And there are also BRICS countries, recently joined by South Africa. The countries have been discussing the possibility of creating their own currency to replace the US dollar. The move would mean that the BRICS countries would become one large economy. Such cooperation aims at increasing cooperation in the areas of trade, investment, technology and development. The creation of this new currency would definitely disrupt the current economic order. However, it is unsure as to when and if this happens.

General implications of a strong USD

A strong USD attracts global fortunes to its shores, financial market, banks, businesses, and treasury. The strong US currency makes the rest of the world a competitive exporter due to their respective currencies, conversely, being weak. The gold and oil, quoted in USD, have an inverse relationship. As the USD strengthens, the two asset classes weaken and vice versa. That is the general scenario.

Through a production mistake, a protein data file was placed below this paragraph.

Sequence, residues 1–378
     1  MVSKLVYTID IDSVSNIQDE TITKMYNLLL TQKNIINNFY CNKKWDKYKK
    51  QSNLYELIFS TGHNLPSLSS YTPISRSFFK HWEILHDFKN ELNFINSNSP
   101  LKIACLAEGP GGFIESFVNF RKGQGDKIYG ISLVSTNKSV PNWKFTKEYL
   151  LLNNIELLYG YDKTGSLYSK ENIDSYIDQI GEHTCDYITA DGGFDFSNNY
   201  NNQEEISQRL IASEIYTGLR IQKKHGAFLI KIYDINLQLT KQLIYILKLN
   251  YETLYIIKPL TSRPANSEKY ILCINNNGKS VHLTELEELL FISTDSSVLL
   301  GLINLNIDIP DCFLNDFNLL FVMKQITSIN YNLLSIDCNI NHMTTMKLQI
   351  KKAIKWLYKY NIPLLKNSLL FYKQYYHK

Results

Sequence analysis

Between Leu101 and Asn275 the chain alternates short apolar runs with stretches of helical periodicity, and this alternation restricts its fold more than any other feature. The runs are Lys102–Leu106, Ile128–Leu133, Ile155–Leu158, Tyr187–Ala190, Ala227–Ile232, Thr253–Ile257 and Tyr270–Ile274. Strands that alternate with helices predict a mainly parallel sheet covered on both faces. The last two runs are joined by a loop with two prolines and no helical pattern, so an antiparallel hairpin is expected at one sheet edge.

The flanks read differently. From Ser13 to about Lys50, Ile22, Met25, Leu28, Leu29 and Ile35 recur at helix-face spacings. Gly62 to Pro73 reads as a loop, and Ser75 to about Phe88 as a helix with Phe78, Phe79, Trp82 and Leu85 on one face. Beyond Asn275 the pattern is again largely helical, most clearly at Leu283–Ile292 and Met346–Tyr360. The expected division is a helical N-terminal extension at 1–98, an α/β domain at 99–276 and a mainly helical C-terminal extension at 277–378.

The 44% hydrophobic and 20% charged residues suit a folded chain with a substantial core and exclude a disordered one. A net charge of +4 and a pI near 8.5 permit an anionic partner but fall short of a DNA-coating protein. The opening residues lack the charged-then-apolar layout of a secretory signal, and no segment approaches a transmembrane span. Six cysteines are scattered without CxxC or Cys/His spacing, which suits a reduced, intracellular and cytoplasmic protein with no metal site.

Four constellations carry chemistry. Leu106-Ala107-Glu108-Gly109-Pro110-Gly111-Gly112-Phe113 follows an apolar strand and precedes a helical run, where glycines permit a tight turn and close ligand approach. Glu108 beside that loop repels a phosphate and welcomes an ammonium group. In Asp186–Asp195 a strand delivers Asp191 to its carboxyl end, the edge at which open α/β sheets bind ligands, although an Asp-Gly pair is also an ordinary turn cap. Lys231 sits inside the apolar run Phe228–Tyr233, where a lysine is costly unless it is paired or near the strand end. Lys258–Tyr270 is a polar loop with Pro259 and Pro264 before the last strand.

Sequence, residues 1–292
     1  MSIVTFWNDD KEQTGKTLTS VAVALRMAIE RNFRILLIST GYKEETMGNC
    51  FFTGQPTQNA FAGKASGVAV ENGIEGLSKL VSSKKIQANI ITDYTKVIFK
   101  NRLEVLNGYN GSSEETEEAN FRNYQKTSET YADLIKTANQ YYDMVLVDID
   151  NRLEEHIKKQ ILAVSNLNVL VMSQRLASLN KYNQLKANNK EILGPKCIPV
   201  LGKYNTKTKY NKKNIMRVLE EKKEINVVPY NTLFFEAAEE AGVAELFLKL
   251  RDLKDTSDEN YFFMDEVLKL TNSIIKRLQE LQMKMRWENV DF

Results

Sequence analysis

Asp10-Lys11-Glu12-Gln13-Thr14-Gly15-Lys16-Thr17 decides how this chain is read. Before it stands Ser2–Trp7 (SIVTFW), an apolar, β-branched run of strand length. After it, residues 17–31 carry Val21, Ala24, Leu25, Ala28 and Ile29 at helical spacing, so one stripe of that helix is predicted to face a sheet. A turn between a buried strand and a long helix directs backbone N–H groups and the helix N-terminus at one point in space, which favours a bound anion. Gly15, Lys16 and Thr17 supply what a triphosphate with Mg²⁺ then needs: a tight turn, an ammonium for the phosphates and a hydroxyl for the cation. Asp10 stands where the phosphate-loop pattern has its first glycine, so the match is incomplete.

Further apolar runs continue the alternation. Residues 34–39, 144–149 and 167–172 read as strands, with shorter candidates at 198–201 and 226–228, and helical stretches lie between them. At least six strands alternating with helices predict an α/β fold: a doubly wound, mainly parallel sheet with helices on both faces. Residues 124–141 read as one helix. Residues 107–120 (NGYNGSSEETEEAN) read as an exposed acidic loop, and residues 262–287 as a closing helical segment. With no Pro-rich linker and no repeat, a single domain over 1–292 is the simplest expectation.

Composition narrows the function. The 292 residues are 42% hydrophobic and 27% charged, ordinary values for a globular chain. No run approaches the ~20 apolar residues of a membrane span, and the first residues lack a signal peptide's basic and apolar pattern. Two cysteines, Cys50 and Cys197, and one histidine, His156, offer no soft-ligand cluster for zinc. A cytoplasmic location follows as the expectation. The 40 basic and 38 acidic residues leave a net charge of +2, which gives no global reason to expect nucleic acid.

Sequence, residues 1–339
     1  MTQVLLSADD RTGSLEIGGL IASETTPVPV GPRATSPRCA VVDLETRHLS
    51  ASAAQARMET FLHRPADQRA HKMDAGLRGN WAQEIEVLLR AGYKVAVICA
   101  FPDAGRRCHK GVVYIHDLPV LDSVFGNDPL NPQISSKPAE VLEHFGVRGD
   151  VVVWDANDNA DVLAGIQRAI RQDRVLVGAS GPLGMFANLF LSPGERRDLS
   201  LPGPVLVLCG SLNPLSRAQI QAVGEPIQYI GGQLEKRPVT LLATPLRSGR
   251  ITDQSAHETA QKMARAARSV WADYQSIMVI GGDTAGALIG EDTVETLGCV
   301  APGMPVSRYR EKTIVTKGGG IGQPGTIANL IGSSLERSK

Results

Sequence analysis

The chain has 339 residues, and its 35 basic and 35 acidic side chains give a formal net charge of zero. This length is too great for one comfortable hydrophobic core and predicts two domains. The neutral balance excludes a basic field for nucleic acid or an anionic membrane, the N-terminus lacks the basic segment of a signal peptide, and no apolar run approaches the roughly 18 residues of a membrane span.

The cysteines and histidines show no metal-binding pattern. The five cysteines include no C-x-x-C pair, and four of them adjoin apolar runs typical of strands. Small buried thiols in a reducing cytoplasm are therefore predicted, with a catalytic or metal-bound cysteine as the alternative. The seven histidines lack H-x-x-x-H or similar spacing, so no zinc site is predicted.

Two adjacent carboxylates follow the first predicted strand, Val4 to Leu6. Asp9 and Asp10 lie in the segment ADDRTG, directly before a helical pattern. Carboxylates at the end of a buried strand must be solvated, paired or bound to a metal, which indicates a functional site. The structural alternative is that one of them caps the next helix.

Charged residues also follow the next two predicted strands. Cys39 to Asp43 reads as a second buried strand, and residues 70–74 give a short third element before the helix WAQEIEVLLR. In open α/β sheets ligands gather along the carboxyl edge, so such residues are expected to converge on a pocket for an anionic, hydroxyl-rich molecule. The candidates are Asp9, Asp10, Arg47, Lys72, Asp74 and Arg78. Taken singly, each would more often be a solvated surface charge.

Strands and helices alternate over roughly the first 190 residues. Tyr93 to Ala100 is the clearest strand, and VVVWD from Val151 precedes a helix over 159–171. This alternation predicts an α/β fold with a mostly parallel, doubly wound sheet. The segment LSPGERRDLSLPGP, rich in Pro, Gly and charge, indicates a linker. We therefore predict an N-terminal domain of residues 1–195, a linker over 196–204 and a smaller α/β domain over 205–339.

Current scenario

The pandemic-induced economic woes combined with supply-chain restrictions due to the Russia-Ukraine war have created a double whammy for most parts of the world. A strong USD makes world’s imports costlier. Crude oil, food grains and input materials such as semiconductors currently make up the large chunk of the world’s trade deficit. Contrary to general conditions, the crude has stayed strong due to supply-constraints. Any currency-favored exports gains are easily outweighed by the unfavorable currency factor in imports that have run much higher in recent times. To top it all, the inflationary forces have prompted the world (without Japan) to adopt a tightening monetary policy. Ironically, the US, here too, stands to gain as most of the liquidity finds USTs as more attractive alternatives to their European or Japanese counterparts.


Technically, the bulls of the USD have been persistent due to the perils of the rival currencies. It is worth noticing, however, the value of the USD versus other major currencies is presently 20 percent above its long-term trend. The USD is also above the peak of 2001 post the dotcom bubble burst when it started its six-year long downtrend. Since the 1970s, the typical bullish trend in the USD has lasted about seven years. The current upswing is in its 11th year, point to note.